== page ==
To donate to the Palace project go to and search for The Palace Project. Donations can also be brought to the theater or mailed to the Palace Theatre at 238 Walnut St., Spooner, WI 54801. Weathers asked that donators provide a return address in case the goal is not reached and all pledges will be returned.  “If a lot of people gave us a little bit maybe we can do it,” she said. RIGHT: JoEllen Weathers stands next to the Palace Theatre’s film projector that has been in use since the 1980s. She hopes to replace this projector with a digital projector. — Photo by Danielle Moe

City council/from page 5 will represent Washburn County in a personal relations manner to businesses in the county.

Other actions In other council actions, city alderpersons approved clarifying language to the water/ sewer operator’s 2014 hourly wage. City crew member Jack Harrington was promoted to the water/sewer operator position after Mitch Brown, previously the operator, was promoted as the city’s public works

director after longtime director Jeff Parker retired. The council approved a 1.5-percent wage increase for the position in 2014 to be added on top of the raise he received after accepting the promotion. In the budget status report Pederson observed that the city’s snow removal fund was over budget for 2013. According to the city’s budget comparison document the snow removal fund for 2013 went over by $9,297.52.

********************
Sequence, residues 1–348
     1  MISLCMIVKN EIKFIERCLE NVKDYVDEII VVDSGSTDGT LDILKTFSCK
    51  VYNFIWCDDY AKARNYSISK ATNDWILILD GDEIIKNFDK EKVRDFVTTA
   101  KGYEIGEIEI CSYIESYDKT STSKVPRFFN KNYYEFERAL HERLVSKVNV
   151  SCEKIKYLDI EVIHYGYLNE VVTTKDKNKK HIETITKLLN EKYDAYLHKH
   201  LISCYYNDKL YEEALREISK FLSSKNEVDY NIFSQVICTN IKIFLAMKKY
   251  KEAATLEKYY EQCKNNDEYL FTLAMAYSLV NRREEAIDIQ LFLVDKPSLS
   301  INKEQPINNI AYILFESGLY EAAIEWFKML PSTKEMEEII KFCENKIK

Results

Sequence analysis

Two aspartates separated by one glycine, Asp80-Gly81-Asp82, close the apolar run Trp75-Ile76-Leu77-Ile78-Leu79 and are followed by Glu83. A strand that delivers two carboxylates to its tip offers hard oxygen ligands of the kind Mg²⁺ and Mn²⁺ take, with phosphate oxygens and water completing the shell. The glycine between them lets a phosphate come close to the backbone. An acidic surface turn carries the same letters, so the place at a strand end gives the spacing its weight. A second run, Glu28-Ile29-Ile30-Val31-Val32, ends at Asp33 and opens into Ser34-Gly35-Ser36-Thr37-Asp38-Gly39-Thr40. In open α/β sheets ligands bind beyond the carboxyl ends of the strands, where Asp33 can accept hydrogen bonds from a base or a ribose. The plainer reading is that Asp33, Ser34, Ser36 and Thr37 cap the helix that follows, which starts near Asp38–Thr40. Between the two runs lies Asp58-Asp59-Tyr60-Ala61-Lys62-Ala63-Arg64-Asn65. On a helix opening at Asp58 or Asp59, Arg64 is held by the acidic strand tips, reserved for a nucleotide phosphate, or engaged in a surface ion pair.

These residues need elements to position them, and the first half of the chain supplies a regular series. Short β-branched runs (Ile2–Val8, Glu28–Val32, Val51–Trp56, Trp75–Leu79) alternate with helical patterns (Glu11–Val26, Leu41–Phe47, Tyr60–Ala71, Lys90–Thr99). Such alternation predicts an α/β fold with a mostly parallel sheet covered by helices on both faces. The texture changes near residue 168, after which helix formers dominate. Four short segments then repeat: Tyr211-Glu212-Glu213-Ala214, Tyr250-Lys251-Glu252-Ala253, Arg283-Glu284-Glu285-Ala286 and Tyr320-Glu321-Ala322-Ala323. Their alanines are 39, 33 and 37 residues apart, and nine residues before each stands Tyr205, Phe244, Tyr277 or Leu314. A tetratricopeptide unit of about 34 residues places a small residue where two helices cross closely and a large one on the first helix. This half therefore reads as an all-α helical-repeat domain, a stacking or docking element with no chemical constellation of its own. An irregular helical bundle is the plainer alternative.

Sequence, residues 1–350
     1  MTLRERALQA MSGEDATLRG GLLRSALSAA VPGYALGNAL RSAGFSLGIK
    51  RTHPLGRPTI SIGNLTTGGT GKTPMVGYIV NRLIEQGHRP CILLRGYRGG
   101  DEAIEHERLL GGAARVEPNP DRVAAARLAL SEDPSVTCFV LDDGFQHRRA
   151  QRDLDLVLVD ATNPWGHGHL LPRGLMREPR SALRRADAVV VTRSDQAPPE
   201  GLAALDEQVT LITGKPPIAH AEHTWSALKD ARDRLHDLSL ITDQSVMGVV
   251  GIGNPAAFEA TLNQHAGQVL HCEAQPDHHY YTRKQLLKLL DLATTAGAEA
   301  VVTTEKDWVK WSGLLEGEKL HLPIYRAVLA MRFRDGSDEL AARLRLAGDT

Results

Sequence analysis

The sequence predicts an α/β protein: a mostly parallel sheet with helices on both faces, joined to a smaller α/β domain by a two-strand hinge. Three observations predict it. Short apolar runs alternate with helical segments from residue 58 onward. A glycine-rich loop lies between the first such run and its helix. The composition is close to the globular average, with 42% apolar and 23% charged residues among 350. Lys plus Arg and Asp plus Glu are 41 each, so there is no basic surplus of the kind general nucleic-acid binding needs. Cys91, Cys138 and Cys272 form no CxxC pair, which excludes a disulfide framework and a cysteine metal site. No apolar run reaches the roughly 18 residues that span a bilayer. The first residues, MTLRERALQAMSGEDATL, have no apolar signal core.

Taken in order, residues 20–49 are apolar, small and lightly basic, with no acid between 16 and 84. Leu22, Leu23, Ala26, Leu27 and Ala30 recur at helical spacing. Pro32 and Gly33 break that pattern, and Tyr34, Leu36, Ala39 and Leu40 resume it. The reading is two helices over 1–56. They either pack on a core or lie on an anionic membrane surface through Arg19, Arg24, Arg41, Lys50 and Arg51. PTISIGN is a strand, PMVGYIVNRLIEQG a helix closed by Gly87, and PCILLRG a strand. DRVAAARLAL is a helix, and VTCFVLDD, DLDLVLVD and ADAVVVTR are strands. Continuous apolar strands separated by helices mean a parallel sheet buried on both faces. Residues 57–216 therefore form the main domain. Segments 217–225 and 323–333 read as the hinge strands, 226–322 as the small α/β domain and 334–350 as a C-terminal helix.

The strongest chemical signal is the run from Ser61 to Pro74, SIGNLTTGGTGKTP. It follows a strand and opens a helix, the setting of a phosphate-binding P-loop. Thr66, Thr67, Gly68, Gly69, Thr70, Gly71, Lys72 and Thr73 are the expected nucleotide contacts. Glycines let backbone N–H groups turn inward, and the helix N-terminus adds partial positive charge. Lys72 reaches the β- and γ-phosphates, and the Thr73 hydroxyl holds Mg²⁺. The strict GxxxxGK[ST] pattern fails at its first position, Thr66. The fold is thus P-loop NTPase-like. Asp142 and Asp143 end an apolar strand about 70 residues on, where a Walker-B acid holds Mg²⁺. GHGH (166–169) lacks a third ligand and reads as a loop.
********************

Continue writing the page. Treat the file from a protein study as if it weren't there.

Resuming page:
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Library. Stories, craft and a snack. No age minimum or maximum for participants. • Washburn County Historical Society Research Room open 10 a.m.-4 p.m. Located in the basement of the main museum. Appointments, 715-468-2982. Thursday & Monday: Washburn County Alzheimer’s Day Respite Program, see listing above. Friday & Saturday: Washburn County Genealogy Room, 106-1/2 2nd Ave., Museum Hewitt Building, Shell Lake, closed for the winter. Appointments during winter, weather permitting. Call 715-635-7937. ••• Domestic abuse and sexual assault are crimes. Time-Out provides free, confidential victim support, call 800-924-0556. Shell Lake Alano Club Meetings on CTH B, 2 blocks off Hwy. 63. All meetings are nonsmoking. Sunday 10 a.m. AA Monday Noon AA Open Tuesday Noon AA Closed 7 p.m. AA Closed Wednesday 1 p.m. AA Open 7 p.m. NA Open Thursday 1 p.m. AA Open 7 p.m. Al-Anon Closed